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Fitch revises Russia’s outlook to stable, affirms its IDR’s at BBB

January 16, 2012, 20:14 UTC+3

The Fitch international ratings agency has affirmed Russia’s issuer default rating (IDR) at BBB

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MOSCOW, January 16 (Itar-Tass) —— The Fitch international ratings agency has affirmed Russia’s issuer default rating (IDR) at BBB, while revising the country’s long-term foreign and local currency IDR outlook to stable from positive, the agency said in a statement Monday.

The political uncertainty in Russia has risen and the global economic outlook has worsened since Fitch last affirmed the country’s rating in September 2011.

Moreover, the agency said that political risk, reflected by poor governance indicators, is a long-standing weakness compared with most other BBB-rated countries, and recent events have highlighted the limitations and risks associated with Russia’s political model.

According to the agency, higher-than-expected oil prices stimulated public finances to outperform the budget in 2011.

The federal budget recorded a surplus of 0.8 percent of the country’s Gross Domestic Product (GDP), as compared to a deficit of 2.3 percent of GDP under the revised on June 2011 budget plans, the agency wrote.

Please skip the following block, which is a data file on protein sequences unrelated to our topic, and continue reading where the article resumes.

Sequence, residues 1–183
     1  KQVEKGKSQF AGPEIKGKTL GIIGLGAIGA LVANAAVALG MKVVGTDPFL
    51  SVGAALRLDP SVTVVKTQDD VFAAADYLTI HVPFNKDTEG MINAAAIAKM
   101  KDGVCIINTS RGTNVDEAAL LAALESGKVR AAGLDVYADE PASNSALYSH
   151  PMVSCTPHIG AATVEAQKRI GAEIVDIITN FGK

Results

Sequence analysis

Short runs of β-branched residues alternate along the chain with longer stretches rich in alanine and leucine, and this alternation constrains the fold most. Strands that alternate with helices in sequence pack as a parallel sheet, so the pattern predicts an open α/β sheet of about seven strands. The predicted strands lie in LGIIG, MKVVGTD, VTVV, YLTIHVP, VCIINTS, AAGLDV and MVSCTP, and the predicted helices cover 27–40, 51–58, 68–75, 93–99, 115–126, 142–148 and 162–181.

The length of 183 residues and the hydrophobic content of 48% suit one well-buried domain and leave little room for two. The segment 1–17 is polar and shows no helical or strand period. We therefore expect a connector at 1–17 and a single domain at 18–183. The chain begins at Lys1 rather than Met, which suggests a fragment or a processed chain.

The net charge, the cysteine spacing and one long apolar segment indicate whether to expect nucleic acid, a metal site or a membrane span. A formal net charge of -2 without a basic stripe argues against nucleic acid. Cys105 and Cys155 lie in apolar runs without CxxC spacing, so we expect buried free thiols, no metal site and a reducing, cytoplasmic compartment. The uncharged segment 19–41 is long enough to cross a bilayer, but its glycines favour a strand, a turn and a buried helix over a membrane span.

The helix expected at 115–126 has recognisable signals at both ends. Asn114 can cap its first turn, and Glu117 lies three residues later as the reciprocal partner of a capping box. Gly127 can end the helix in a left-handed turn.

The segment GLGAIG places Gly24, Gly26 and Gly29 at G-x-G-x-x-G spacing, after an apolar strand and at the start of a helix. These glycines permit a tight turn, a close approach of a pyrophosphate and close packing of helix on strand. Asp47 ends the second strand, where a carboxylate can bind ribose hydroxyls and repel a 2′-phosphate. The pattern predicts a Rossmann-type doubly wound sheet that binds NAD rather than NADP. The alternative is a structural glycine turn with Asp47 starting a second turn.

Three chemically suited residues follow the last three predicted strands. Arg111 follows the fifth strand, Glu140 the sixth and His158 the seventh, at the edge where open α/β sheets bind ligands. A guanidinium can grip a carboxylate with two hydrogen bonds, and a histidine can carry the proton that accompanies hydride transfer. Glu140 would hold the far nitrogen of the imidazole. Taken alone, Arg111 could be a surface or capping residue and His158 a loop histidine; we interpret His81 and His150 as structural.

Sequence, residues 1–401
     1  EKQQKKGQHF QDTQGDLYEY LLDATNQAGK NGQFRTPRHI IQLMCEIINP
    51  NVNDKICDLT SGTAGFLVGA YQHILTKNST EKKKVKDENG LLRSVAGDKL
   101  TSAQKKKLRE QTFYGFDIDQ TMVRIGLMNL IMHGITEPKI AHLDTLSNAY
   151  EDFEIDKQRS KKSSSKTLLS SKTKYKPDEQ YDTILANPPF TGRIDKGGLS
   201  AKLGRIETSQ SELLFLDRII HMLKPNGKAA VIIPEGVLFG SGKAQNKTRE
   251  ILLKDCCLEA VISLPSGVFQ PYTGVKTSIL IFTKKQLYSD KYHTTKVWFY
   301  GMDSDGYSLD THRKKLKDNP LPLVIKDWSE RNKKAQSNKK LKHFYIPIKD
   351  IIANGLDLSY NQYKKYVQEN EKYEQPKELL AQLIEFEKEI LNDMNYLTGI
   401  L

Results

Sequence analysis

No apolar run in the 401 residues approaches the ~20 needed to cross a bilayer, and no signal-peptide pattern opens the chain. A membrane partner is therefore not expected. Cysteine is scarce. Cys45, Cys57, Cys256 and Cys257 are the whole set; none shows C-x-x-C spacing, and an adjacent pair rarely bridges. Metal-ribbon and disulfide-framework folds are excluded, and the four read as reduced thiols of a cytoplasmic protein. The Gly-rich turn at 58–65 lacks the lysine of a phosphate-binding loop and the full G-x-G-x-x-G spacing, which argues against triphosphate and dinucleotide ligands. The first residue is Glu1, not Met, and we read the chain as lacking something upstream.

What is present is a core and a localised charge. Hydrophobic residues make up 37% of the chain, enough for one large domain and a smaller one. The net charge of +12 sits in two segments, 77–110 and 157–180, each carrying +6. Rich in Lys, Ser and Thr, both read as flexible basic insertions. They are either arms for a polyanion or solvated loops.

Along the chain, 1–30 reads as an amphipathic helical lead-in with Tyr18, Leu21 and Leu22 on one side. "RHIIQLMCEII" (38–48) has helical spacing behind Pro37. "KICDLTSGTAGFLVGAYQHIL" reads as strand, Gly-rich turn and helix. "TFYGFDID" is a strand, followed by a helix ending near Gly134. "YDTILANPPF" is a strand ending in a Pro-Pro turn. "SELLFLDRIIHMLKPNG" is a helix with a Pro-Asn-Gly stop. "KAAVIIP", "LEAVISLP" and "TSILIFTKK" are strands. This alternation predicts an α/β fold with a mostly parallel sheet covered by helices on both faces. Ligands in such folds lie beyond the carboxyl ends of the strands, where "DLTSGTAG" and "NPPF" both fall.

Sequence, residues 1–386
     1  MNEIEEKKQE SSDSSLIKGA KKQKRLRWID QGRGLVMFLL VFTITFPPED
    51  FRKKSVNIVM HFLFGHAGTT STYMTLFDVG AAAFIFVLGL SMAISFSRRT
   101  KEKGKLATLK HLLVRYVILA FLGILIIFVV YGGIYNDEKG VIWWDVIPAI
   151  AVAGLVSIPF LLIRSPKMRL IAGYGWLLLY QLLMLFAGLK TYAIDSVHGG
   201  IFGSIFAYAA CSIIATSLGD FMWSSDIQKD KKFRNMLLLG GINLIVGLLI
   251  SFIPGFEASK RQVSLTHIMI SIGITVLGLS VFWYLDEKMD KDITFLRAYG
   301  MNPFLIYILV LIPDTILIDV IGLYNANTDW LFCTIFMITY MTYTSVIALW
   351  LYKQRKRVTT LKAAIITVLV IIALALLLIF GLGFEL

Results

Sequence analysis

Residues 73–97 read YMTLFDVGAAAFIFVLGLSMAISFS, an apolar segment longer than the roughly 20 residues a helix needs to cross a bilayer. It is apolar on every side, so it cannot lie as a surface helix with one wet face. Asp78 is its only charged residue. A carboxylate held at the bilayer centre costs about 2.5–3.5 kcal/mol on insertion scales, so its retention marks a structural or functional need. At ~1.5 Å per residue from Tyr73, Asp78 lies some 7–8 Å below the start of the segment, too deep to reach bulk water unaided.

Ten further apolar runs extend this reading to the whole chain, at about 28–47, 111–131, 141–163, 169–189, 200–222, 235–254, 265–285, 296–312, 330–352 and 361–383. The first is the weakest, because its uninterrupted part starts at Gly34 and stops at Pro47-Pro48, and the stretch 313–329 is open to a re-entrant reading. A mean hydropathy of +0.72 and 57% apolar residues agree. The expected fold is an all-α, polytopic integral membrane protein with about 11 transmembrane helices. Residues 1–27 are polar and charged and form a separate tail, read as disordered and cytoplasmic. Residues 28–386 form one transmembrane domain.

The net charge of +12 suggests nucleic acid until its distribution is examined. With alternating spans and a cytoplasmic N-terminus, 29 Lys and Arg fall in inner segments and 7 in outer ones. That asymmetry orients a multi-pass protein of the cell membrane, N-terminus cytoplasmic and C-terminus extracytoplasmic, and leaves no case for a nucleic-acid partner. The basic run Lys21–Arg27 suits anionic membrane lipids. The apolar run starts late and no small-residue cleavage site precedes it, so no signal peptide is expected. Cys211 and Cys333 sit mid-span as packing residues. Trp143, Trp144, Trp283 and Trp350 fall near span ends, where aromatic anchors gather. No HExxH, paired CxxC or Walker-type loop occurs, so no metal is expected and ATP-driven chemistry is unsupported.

In 2012, under a Brent oil price of close to 100 U.S. dollars per barrel, Russia’s federal budget is projected to record a deficit of 2.0 percent of GDP. This assumes some slippage from the 1.5 percent of the GDP target in the 2012 budget approved by the Russian president in December 2011, the agency reported.

Furthermore, the agency said that Russia’s net external creditor position, at both the national and sovereign level, forms a buffer to external shocks and is a major support to the rating. Sovereign net foreign assets reached 486 billion U.S. dollars, or 27 percent of GDP, at the end of 2011, the fifth-strongest in the BBB category, the agency wrote. The private sector owes 300 billion U.S. dollars, or 26 percent of GDP, and is a net external debtor, but short-term external debt is lower than in 2008, and better covered by reserves, the agency wrote.

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